Chicxulub crater is currently centered at 21°24′N 89°31′W, so we're only in the very rough ballpark relative to the current antipode. I need to do some more digging on the relative plate motions to see if I can refine these crude estimates somewhat.

Last fiddled with by ewmayer on 2012-12-26 at 21:02
ewmayer is offline   Reply With Quote
Old 2012-12-26, 23:34   #26
science_man_88
 
science_man_88's Avatar
 
"Forget I exist"
Jul 2009
Dumbassville

20B116 Posts
Default

Quote:
Originally Posted by ewmayer View Post
I expect the Iridium, being derived from shattering/vaporization of the impactor, would be closely correlated with the primary impact site itself, but that (and most all of the surrounding area for quite a large distance) is buried under deep later accumulations of sediment. What I've read and seen on TV about the Ir anomaly indicates that the distribution is global, with no obvious "ground zero" elevations of concentration, at least not ones easily discernible from surface stratigraphy. OTOH, heavier ejecta appear to show useful biases (underlines mine):


The other possible phenomenon that occurs to me w.r.to the antipode is a kind of "small entry wound, large exit wound" effect analogous to that which often happens with bullet wounds to the skull. In this case, however, the "exit wound" would be caused not by the impactor and the associated pressure waves traveling through the interior, but due to the surface waves refocusing, as described above. But that might explain the crater-at-impact-site / huge-crustal-disruption-at-antipode effect, if those dual phenomena are in fact correlated.

Re. the Deccan Traps volcanism, Wikipedia has this to say:


Now for some back-of-the-envelope-style computation regarding "what were the respective positions of the modern-day Caribbean and India 65 Myr ago? Here are some data on the Indian plate, which is by far the faster mover in this tale:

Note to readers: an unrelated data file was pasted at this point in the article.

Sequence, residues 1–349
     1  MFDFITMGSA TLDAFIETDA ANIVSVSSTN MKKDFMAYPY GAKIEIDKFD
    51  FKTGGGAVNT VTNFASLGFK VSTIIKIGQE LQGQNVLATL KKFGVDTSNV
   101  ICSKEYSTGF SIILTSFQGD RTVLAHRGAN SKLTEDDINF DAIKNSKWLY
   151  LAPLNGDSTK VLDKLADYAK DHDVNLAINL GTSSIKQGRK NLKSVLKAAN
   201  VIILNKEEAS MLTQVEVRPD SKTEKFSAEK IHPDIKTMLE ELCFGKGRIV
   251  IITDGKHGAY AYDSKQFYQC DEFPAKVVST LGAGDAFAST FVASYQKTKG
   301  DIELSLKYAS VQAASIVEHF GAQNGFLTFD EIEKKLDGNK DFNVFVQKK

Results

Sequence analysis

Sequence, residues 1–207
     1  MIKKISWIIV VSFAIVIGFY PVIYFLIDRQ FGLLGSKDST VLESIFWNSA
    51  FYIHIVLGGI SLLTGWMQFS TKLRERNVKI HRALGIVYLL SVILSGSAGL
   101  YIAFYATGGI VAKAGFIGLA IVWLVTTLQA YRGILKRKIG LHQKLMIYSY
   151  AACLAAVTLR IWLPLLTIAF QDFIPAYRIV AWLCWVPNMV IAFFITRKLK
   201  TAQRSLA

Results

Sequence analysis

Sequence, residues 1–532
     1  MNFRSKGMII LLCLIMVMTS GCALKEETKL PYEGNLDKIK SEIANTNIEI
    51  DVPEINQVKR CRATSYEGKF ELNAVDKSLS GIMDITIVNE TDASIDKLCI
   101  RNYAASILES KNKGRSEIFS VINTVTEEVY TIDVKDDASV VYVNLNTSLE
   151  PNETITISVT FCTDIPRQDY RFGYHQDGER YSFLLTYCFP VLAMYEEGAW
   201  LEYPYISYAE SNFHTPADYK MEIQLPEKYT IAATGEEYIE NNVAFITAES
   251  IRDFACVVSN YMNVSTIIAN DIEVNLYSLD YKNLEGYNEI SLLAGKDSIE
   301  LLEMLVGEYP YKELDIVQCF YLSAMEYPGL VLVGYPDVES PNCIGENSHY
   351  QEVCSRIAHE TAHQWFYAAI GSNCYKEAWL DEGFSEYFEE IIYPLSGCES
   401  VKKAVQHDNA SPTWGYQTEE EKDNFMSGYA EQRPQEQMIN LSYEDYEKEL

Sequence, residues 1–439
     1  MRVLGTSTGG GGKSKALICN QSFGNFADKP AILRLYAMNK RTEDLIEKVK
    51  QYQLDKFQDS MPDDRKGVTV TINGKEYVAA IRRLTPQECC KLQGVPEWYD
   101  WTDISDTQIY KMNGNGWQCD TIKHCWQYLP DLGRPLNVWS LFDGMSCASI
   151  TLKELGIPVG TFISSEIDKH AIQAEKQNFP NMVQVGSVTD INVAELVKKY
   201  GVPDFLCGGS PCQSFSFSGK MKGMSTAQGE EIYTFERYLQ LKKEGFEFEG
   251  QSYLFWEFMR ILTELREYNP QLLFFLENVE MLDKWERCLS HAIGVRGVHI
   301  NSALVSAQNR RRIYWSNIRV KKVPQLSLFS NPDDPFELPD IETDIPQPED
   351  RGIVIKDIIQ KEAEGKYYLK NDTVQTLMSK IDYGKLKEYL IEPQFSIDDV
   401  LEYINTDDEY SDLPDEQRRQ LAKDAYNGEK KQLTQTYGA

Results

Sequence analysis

So the plate was moving very fast until the collision, slower since. Crudely, let's say an average of 10 cm/year for the past 65 Myr, that means ~6500 km of northward motion. Deccan traps are currently at between 17°–24°N, 73°–74°E, each degree of latitude ~= 110 km (km/degree for longitude is latitude-dependent, but still ~100 km/degree for the range of latitudes we're interested in). So 6500 km represents ~60 degrees of northward motion, meaning K-T-era latitude of ~40° S, longitude perhaps on the order of 10° further westward, say ~60° E. (Approximating the surrounding plates as latitudinally fixed, which is suspect, but OK for order-of-magnitude estimation such as this).

Chicxulub crater is currently centered at 21°24′N 89°31′W, so we're only in the very rough ballpark relative to the current antipode. I need to do some more digging on the relative plate motions to see if I can refine these crude estimates somewhat.
I took a rough approach (your estimate is involved) using:

1)http://www.antipodemap.com/ ( I zoomed in to find the city on google maps first)

2)http://www.freemaptools.com/radius-around-point.htm ( took a radius of 6500 km)

and:

3) https://maps.google.ca/

it appears to me to roughly estimate the Himalayan mountains or at least intersect them.

Last fiddled with by science_man_88 on 2012-12-26 at 23:44
science_man_88 is offline   Reply With Quote
Old 2012-12-27, 23:54   #27
ewmayer
2ω=0
 
ewmayer's Avatar
 
Sep 2002
República de California

9,791 Posts
Default